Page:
The data collected by rheometers are displayed using a two-dimensional Cartesian graph: while the vertical axis shows the SHEAR STRESS, the horizontal axis expresses the VELOCITY GRADIENT*. VISCOSITY’s value is displayed on the diagram by the slope of the curve and it is the result of the relation between shear stress and velocity gradient. The greater is the curve, the higher is the viscosity.


*VELOCITY GRADIENT is a physical quantity related to the fluid’s movement speed.


4. Rheological behaviors of ceramic suspensions

Following here the most representative ceramic suspension’s behaviors:

Linear-rate rheological behavior. 
The viscosity value remains constant with variation in shear stress or velocity gradient. Oil and water are the most significant examples of this behavior: these fluids never change their viscosity value whether they are quickly or slowly stirred.


In ceramics, the Newtonian behavior is well represented by digital inks that must be Newtonian to be correctly applied by the digital print heads. If the ink’s rheological behavior were plastic or pseudo-plastic, the piezoelectric impulse system (that creates the ink drop) would not be effective, leading to a lower printing definition or, at worst, preventing the formation of the ink-drop. Print heads basically would not be able to spray and discharge the ink on the raw ceramic support.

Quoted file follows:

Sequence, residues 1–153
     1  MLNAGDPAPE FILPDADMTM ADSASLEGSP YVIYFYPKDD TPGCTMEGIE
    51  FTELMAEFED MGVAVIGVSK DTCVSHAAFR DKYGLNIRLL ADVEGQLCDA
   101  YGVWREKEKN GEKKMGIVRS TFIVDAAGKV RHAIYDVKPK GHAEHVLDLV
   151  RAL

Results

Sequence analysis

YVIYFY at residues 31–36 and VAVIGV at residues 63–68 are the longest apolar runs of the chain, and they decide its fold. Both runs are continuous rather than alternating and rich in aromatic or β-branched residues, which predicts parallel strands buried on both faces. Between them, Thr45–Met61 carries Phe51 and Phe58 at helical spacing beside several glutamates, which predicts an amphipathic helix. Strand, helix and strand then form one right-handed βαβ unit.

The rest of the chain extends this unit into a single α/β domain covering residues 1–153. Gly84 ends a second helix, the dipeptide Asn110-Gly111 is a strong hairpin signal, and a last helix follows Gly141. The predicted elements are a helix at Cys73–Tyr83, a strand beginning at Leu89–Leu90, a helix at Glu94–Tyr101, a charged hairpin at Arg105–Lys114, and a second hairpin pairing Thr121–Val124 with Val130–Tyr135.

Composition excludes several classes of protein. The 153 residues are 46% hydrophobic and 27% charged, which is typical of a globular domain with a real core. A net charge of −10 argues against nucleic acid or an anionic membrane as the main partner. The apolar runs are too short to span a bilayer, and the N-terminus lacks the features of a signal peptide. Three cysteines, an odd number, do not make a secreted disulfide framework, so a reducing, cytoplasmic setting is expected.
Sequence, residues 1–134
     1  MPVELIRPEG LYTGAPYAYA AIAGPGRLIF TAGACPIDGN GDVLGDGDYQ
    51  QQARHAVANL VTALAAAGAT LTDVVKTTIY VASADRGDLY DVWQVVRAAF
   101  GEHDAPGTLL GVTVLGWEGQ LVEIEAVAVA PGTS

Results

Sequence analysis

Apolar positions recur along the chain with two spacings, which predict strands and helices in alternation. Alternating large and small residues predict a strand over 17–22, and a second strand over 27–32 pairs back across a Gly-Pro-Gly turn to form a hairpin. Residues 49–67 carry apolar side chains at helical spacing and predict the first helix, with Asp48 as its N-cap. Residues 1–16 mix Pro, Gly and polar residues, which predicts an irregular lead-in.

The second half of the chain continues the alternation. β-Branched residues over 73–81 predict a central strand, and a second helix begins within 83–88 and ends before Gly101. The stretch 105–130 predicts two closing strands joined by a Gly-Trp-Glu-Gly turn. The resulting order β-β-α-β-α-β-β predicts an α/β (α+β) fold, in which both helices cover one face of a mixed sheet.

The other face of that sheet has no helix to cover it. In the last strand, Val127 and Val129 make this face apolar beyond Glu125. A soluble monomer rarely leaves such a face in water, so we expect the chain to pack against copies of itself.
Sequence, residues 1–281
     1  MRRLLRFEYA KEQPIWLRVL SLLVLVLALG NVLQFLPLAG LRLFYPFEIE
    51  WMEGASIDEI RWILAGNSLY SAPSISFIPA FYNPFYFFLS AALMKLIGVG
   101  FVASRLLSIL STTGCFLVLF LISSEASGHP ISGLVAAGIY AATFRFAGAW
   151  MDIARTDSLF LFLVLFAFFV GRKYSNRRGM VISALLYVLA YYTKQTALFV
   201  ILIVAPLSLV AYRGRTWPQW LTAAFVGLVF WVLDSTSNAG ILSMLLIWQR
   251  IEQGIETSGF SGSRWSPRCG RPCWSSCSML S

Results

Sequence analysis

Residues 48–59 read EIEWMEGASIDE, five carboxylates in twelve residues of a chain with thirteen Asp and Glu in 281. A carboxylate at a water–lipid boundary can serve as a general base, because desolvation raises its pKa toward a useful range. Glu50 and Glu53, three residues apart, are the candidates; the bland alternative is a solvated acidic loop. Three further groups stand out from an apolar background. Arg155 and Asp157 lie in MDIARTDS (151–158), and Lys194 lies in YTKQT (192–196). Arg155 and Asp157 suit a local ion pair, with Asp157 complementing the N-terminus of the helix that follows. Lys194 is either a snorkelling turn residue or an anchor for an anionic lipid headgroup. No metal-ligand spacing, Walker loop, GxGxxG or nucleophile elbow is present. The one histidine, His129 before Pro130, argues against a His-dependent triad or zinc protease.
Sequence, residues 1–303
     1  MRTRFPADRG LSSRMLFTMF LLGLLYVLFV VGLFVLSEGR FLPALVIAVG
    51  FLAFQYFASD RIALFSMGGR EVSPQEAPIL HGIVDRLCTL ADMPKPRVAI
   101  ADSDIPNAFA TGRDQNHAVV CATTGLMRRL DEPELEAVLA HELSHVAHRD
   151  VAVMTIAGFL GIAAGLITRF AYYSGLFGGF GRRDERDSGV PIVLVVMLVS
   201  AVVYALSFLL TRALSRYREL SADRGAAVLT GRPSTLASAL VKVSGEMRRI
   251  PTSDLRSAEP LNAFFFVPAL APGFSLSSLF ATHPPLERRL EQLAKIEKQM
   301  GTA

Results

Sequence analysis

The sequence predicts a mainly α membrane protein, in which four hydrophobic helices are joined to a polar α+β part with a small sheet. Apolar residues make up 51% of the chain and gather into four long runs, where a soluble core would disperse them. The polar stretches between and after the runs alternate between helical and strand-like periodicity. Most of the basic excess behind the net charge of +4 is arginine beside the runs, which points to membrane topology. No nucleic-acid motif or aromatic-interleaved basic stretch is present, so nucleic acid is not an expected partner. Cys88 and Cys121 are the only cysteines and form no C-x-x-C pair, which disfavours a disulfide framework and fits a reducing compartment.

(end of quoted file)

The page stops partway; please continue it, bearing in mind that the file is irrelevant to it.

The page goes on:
Behavior marked by a specific flow limit, i.e. by a shear stress below which the fluid acts as a solid.
In other words: when the fluid is resting, it is very compact but when it undergoes to a movement, the fluid softens becoming more liquid. Pastry cream is the typical example for this category.


In ceramics, the most representative pseudo-plastic fluids are slurries for ceramic body and grit suspensions These fluids must be able to keep the grit in suspension while they are resting, behaving (we could say) as a solid. On the other side, during application, the suspension must show a de-structuring process, behaving as a pseudo-plastic fluid: the viscosity decreases while the he velocity gradient gradually increases. During the application by means of spray systems, the fluid undergoes to a very high speed, thus leading to a very low viscosity value and, therefore, allowing a proper nebulization. To reach this rheological behavior, it is important the use of specific chemicals able to provide the suspension with:


  1. Suspending action that ensures the flow limit
  2. Binding action that provides the system with cohesion and homogeneity